Friday, October 2, 2009

The Idiot's Guide to Gardening

I'm quite sure that if I head over to Amazon and do a search for "Idiot's Guide" and "fruit and vegetable gardening," I'd find a book (or two or three) that would mention my husband and I by name.

Months and months ago, maybe even a year ago, Scott built two 4x2 foot raised containers so we could do some square foot gardening. Without doing any research about what would grow in our area and when, we set out with the boys and purchased seeds. To keep a short story short, I'll just say that possums, squirrels, our dog, the boys and myself contributed to the garden's demise. Sorry Scott...

After Logan recently decided that some chopped peanuts were really watermelon seeds and was desperate to plant them, did we decide to revive the garden. Once again without any research we set out with the boys and purchased seeds and seedlings. We spent one morning planting basil, peppers, lettuce, cantaloupe, broccoli, carrots, strawberries and a few others. The next day the boys made their own watering cans.

This was an activity I was planning on writing a Summer Survival post about. I'm a couple of months late but here it is:

Homemade watering cans:
This is a project that I like for a couple of reuses trash and saves me money because I didn't have to buy new. The watering cans are made from plastic milk jugs. After cleaning them well, you'll need to use a hammer and nail to poke holes in the lids.

Then the kids can get their hands on them to decorate them. We used markers and foam stickers.

Fill them with water and the they are ready to go!

After a little less than two weeks (and some watering help from Papa), this is what our garden now looks like:


  1. Awesome!!!!!! I tried hard to look at the garden, and I somewhat succeeded, but I got lost in the boys' eyes.... I love those boys!!

  2. yay! look soooooo much better than how mine turned out!

  3. what a great idea and how fun for the kids. Stunt Man would totally dig this.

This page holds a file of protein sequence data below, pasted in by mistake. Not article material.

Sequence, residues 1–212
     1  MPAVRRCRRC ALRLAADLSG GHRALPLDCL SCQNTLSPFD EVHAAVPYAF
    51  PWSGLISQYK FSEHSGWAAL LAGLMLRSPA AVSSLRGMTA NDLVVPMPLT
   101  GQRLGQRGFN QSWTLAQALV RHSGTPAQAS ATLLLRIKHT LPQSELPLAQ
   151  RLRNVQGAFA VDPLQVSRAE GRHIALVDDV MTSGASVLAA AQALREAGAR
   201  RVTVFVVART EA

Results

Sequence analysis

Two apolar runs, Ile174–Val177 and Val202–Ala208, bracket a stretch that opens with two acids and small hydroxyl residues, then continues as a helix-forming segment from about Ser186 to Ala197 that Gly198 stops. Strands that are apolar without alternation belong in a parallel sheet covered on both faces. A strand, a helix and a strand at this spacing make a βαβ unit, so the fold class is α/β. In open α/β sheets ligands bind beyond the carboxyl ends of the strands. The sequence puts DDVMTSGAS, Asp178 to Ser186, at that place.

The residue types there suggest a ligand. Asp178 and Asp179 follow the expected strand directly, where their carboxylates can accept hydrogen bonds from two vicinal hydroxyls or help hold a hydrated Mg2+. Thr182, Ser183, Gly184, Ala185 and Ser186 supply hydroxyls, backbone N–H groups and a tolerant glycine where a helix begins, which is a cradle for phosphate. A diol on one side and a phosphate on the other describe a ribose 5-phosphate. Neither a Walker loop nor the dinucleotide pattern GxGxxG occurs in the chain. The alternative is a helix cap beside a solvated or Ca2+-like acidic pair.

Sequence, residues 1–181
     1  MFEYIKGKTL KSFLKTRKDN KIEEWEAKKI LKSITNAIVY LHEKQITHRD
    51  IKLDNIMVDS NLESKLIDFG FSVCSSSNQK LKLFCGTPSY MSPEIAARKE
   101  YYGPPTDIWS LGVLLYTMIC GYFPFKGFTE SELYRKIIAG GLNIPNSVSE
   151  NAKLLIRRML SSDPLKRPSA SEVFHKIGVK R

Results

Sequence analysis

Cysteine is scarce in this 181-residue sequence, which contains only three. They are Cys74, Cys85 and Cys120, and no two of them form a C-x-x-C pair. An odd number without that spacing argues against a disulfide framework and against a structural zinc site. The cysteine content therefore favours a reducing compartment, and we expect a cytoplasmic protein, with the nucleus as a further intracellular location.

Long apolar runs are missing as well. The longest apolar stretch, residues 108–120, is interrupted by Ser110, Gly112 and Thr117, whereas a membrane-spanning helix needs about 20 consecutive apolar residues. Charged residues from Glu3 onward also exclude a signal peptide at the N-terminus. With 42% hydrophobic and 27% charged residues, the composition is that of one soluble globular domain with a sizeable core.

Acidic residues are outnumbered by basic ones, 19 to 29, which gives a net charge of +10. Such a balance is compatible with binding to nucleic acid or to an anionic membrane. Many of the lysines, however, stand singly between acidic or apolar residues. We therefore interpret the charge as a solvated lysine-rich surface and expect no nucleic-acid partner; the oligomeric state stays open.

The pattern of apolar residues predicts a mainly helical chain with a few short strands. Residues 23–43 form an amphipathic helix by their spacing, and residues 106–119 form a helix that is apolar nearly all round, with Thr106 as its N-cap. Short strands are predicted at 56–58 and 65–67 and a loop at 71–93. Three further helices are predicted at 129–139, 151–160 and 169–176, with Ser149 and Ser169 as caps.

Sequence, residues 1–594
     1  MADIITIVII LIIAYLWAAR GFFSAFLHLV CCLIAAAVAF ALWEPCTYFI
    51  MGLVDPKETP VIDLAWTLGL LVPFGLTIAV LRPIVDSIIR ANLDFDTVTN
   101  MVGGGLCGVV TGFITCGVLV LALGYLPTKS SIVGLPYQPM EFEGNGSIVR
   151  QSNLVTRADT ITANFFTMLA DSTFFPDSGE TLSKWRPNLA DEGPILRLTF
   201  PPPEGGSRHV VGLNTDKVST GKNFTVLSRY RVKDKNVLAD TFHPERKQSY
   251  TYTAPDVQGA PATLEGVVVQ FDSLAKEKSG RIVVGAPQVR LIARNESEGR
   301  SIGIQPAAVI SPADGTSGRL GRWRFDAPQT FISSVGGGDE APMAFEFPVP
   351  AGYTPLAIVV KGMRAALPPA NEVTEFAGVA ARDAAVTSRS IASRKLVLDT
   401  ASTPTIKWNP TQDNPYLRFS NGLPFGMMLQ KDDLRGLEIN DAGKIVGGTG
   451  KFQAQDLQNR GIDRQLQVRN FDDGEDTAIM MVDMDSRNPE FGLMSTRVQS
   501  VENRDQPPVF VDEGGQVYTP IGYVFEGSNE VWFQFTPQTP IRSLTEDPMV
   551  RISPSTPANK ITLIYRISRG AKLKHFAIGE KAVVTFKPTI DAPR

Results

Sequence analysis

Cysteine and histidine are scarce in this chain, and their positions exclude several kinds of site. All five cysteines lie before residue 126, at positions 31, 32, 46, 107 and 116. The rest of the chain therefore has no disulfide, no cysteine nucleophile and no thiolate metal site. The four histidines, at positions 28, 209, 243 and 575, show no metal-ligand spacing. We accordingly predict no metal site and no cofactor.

4. Your kids are adorable. Remember that even when plants die, or don't grow as expected, planting seeds and seedlings remains one of the most life-affirming things we can do.

  5. Brilliant idea! And your boys are freakin' adorable!

  6. Have I ever told you how brilliant you are?

  7. As a master Gardener I a totally available to laugh at you. Er no I'm here to help! Or ask your local cooperative extension service. Good luck and dang you boys are so cute.

  8. Brilliant!! The boys are so cute too!!

    Have a great Sunday, Carey!!

  9. You are so clever! I like how it's all divided out and everything. Clearly the boys really enjoy this project!

  10. If your late season herb and vegetable garden is bountifulyou may want to visit - a site that helps diminish hunger by enabling backyard gardeners to share their crops with neighborhood food pantries.

    The site is free both for the food pantries and the gardeners using it.

    More than 970 food pantries nationwide are already on it and more are signing up daily.

    It includes preferred delivery times, driving instructions to the pantry as well as (in many cases) information about store bought items also needed by the pantry (for after the growing season). enables people to help their community by reaching into their back yard instead of their back pocket.

    Lastly, if your reader's community has a food pantry, they should make sure the pantry registers on Its free.


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